A month before we were to be married, Scott and I journeyed to South Hamilton, Massachusetts to visit Gordon-Conwell Theological Seminary. It was in a place I have long dreamed of living, the northeast. It’s questionable whether or not I would really fit in this area of the country, since I tend to tell a few more stories per conversation than necessary. The trip was wonderful. I stayed with three lovely ladies, one who was preparing for her wedding a few months after ours. The wedding planning process had stressed me out and these few days in Cape Ann were just what I needed. We spent a day in Boston which was great, we got to sit in on some interesting classes, and we worshiped in a beautiful chapel. We also watched Jim propose to Pam (The Office) crammed in a room with Seminary students around a small television. We didn’t go to school there, but these three days were wonderful. We flew back to our homes at sunset. Normally I am terrified of flying, but it had been such a great trip I was just at ease and thankful. I was reading a book by writer Jenny Lee, I did. I do. Now what?! It is a wonderfully funny and honest telling of the weird transition from being single to being married. It is a weird transition and reading her telling of the experience is hysterical. Scott and I had a couple of books on marriage we read before the big day (Gary Thomas’s Sacred Marriage and Dave Harvey’s When Sinners Say I Do) and this is just one I picked up at a used book store to lighten the seriousness a bit.
I love to remember those moments on that plane. The pink and orange sunset, laughing out loud at my book, and a feeling of hope that comes with upcoming adventure.
Fast forward seven years. This year my daughter and I were so excited about Spring. We have a couple of plants and all the time we talked about where to put a garden and what it would grow. One glorious day we went to purchase seeds. My daughter and I excitedly danced around the seed display as Scott and our son stood watching. “We could grow this and this or that and these!” Well into our cart landed a packet of pumpkin seeds. The thought was: “Wouldn’t it be fun to grow pumpkins?!” The thoughts of where to put pumpkins and how to care for them did not follow, until now.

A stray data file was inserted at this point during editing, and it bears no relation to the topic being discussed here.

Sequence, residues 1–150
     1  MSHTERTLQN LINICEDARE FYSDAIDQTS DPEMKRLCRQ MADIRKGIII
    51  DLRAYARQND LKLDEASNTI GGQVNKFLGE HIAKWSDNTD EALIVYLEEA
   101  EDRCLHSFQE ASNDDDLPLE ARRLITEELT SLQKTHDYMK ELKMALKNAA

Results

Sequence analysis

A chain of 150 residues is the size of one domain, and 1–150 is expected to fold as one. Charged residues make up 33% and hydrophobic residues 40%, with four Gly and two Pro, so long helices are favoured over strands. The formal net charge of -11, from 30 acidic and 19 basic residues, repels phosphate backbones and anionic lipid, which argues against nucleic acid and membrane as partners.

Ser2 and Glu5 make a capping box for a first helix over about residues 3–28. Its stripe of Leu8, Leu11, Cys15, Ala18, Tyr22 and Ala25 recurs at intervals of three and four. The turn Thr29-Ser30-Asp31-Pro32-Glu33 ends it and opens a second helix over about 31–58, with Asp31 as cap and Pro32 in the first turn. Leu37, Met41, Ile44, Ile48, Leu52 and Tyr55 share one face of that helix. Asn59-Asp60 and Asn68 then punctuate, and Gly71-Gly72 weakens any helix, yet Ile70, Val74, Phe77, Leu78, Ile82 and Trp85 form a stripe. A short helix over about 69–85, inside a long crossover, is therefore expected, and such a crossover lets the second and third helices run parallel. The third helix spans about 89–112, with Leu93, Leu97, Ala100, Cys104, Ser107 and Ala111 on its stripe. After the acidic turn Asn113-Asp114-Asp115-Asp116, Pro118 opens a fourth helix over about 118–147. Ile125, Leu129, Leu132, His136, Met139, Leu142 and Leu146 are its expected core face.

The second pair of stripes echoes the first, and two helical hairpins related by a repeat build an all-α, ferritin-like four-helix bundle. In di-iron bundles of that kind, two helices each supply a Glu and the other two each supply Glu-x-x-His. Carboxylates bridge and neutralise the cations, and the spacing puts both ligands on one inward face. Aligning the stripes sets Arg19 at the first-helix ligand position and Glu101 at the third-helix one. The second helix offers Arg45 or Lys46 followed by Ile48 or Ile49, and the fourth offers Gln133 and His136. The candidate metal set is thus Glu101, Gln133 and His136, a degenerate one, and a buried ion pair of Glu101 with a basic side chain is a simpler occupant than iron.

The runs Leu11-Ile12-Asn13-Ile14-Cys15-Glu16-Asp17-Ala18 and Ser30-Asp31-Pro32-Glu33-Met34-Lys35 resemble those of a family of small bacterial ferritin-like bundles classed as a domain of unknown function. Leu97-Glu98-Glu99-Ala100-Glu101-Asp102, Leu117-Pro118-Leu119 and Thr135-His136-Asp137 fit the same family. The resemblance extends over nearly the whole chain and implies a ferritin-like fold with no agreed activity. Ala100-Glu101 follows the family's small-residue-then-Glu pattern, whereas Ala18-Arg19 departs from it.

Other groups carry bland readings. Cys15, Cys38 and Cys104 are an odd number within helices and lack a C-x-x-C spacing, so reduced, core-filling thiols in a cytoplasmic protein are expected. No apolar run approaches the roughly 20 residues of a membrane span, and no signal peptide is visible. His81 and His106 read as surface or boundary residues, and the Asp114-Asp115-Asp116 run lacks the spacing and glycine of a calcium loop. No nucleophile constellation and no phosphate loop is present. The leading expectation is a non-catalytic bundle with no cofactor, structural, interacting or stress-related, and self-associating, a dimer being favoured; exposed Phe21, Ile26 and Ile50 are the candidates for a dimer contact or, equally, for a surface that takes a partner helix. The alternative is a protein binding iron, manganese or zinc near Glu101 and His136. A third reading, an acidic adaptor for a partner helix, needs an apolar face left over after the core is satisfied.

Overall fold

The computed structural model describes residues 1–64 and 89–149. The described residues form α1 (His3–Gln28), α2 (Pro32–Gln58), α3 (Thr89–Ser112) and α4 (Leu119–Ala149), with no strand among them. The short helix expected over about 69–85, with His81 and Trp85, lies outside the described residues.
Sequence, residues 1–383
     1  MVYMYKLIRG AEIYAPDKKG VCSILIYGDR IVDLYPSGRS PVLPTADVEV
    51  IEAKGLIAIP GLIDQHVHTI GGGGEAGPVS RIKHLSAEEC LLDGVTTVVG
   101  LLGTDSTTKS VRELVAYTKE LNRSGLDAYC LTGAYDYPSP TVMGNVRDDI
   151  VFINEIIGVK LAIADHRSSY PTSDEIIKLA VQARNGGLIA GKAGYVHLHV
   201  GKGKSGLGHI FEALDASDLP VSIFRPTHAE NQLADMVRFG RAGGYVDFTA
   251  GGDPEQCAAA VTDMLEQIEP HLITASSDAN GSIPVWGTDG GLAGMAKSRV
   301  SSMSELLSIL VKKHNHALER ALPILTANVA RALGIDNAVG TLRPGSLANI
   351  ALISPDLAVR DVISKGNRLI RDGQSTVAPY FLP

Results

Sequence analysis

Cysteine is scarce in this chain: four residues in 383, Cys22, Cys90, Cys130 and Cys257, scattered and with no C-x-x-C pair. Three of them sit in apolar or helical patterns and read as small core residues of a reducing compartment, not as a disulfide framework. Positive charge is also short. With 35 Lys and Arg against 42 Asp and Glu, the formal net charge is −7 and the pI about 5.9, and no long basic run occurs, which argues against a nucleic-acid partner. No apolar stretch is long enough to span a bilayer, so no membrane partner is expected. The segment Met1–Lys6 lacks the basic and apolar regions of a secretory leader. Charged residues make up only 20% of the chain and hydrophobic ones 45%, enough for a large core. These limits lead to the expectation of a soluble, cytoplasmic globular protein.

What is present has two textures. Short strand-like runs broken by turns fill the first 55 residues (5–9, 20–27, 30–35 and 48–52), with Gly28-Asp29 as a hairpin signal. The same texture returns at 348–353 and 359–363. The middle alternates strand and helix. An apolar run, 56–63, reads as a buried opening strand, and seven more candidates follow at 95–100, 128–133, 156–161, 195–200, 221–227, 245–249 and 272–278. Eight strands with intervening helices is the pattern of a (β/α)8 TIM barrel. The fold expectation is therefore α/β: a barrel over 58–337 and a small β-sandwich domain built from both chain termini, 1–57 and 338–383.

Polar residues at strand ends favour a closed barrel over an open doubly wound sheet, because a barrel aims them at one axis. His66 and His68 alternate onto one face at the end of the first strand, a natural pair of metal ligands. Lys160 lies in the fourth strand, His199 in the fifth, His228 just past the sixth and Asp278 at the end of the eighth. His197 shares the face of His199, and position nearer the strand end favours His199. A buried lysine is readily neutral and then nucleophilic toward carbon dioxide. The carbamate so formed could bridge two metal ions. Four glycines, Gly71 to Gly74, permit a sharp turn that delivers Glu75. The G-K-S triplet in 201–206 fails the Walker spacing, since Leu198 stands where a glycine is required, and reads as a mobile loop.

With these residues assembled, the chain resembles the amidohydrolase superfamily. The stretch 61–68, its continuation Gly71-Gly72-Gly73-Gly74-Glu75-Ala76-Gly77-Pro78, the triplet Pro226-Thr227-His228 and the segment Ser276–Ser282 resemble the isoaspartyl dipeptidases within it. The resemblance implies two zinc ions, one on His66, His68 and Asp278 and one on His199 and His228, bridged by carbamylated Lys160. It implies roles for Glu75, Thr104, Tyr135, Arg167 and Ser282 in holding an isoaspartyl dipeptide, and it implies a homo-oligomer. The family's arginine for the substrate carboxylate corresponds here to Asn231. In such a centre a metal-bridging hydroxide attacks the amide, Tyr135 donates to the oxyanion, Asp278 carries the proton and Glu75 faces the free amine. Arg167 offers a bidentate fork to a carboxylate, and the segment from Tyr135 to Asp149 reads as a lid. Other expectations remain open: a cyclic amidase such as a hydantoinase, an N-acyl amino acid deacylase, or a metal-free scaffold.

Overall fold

Now we have little pumpkin seedlings sprouting forth in our sun room. I have NO idea what to do with these guys. I’m not going to lie, I love the idea of having our own personal pumpkin patch. It just seems like fun, right? Where to allow these plans to take over our yard is quite the question though. Sunlight is in high demand in our yard. I can’t allow them in our garden plot, there is not enough room.
In Strega Nona’s Harvest (my favorite in Tomie DePaolo’s series), her less-than-capable hired hand plants his own garden which resembles a jungle. This could happen to our backyard. I don’t know if I can create a picturesque pumpkin patch. Create a mess of vines and rotting pumpkins? Probably well within my abilities. Now there are three plants that are begging to be put in the ground. Who am I to disappoint them? Who wants dreams of pumpkins squashed?
The feelings surrounding our seed buying remind me of the feelings I experienced on the plane after the trip to the northeast. Those moments on the plane faded into the stress of wedding planning, picking a seminary, and adjusting to married life. The joy wasn’t a lasting feeling, but it was brief and wonderful. Buying seeds with my daughter was a few fun moments in a day, hopefully to be long-remembered. All this to say how thankful I am for little breaks of hope into life. The Lord has taken such good care of me and my family. Sometimes I forget how well and then I look back and see the glimmers of hope, the moments of peace and expectation. As I grow older and more of these moments occur I hope that I am becoming ever more trusting of my Savior.
Now to be faithful to these pumpkin seeds and unfaithful to the middle of our backyard…